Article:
Pickled Onions

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PICKLED ONIONS
When we pack to leave on a road trip we always make room in the car for at least half a dozen jars of my homemade pickled onions. They make the perfect easy sandwich filling with vintage cheese, or popped on a simple cheese platter or ploughman’s plate with an afternoon glass of wine. I’ve been known to gift, sell and trade jars of my pickled onions Australia-wide.

makes 6 x 500ml jars
V GF

what you need
2kg small pickling onions
¼ cup (60g) sea salt or pickling salt
600ml apple cider vinegar
400ml filtered water
½ cup raw sugar
½ cup (125ml) honey
1 tbsp coriander seeds
1 tsp cloves
1 tbsp white peppercorns
1 tsp dill seeds
2 dried red chillies, seeds removed, finely sliced
sprigs of thyme

what you do

1. Place the onions in a large heatproof bowl and pour over boiling water to cover. Leave to cool. Once cool, trim ends from the onions and peel.
2. Combine the salt and 2 litres of water in a large bowl. Stir until salt dissolves. Add the peeled onions to the salted water. Weigh them down gently with a plate that fits inside the bowl. They must be kept submerged. Cover. Stand at room temperature overnight.
3. Preheat the oven to 160°C (140°C fan forced). To sterilise jars, place clean jars onto a tray into the oven for 15 minutes, to dry and heat.
4. In a large pot place the vinegar, filtered water, sugar and honey. Bring to the boil and then simmer for 5 minutes until all the sugar has dissolved.
5. Drain the onions and rinse twice with cold water to remove the salty water.
6. Remove the jars from the oven. Place the onions and an even amount of coriander seeds, cloves, peppercorns, dill seeds, chilli and a sprig of thyme into the warmed jars.
7. Pour the hot pickling liquid into the jars, leaving a 2cm gap between top of the liquid and the lid. Wipe the jars with a clean, moist paper towel to remove any spillage, and seal with a lid.
8. You can refrigerate at this point and consume the pickled onions for up to 1 month. To preserve for a longer period of time, you will require preserving jars with proper two-piece vacuum caps (consisting of a lid and a band). The jars should then be processed in a hot water bath. Place the jars into a large pot filled with simmering water, covering the jars with 2cm of water. Place a lid on the pot and bring the water to a rolling boil, where it should be held for the entire processing time of 10 minutes. Turn off the heat and remove lid. Let sit for 5 minutes then carefully remove the jars (using a jar lifter for safety). Cool for 12 hours.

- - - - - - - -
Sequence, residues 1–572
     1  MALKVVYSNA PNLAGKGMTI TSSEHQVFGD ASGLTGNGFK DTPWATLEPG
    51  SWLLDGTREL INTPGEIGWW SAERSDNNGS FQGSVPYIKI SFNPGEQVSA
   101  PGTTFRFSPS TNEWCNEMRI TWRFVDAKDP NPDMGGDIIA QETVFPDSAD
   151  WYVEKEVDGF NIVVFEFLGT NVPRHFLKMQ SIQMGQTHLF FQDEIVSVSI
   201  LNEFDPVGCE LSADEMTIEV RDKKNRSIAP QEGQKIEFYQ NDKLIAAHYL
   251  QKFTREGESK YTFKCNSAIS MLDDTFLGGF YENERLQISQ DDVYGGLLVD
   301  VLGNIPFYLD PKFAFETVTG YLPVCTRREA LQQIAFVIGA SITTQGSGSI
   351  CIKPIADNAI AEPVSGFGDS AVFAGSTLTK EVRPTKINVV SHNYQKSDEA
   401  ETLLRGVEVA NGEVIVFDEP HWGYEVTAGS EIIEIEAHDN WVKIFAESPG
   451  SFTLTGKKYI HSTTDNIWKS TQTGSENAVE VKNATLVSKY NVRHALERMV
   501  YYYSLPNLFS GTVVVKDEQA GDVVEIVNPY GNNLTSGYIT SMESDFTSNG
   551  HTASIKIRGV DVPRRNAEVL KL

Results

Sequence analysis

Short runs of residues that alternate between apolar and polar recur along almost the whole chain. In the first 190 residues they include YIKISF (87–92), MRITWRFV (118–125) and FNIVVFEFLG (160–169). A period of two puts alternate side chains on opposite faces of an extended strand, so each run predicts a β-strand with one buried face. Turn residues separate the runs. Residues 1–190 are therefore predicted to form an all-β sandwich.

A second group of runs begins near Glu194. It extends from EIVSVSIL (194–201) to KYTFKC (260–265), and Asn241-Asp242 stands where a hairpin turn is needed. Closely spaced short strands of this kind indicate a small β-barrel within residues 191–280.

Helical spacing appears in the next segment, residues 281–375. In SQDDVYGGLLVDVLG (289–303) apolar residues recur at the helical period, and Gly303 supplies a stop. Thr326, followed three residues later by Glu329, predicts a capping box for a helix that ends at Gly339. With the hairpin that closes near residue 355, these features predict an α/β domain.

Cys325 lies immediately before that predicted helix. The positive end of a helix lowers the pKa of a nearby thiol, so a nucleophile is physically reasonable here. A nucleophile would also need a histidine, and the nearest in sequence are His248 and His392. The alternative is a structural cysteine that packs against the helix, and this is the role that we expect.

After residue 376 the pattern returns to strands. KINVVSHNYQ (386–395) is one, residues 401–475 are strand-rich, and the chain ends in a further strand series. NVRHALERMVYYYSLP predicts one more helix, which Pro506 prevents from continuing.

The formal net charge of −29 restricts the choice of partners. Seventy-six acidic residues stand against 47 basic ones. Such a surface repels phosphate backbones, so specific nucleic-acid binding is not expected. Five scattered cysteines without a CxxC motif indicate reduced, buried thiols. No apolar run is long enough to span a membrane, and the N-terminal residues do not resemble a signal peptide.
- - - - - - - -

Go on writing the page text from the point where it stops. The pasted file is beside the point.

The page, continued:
Note: Test the lids to determine if the jars are vacuum-sealed. Press the centre of the lid to determine if it is concave. Remove the band. Gently try to remove the lid with your fingertips. If the lid is concave and cannot be removed with your fingertips, the jar is vacuum-sealed.

Storage: For vacuum-sealed jars, store in a cool, dark place for at least 2 - 4 weeks before opening, allowing for the flavour to develop. Unopened jars will keep for up to 12 months in the pantry. Once jars are opened or if the jars have not sealed effectively store in the fridge for up to 1 month.

© Recipe - Our Delicious Adventure - Recipes and Stories of Food and Travel by Jane Grover

A Taste of Bergen, Norway

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A visit to Norway means magnificent scenery; I’m talking “super fjords” as far as the eye can see and hair-raisingly narrow mountain roads to navigate. There’s sensational seafood to eat and a fiercely patriotic and affable Norwegian people to share it all with.

We began our two week Norwegian adventure in the capital city, Oslo, taking the early morning train on The Bergen Railway from east to west across the Norwegian countryside. The Bergen Railway is considered to be one of the world’s most scenic train rides, a seven-hour journey which brings you across one of Europe’s highest mountain plateaus, carrying you through spectacular and varied nature. The journey is a wonderful introduction to the Norwegian landscape and being on a train means you can sit back, relax and soak it all in. (Traveler's Tip: for the best views out the window, reserve seats in Comfort class on the left hand side of the train, choosing seats facing in the direction the train is headed.)

Bergen is Norway’s second largest city, and lies clambering up the mountainsides, overlooking the sea, embracing you. You can roam through living history in this modern city, before continuing on to explore the wildest and loveliest fjords of Norway. On a Norwegian scale, Bergen is a large city, but one with a small-town charm and atmosphere. Its passionately patriotic inhabitants are proud of their many-sided city and its history and cultural traditions.
- visitnorway.com -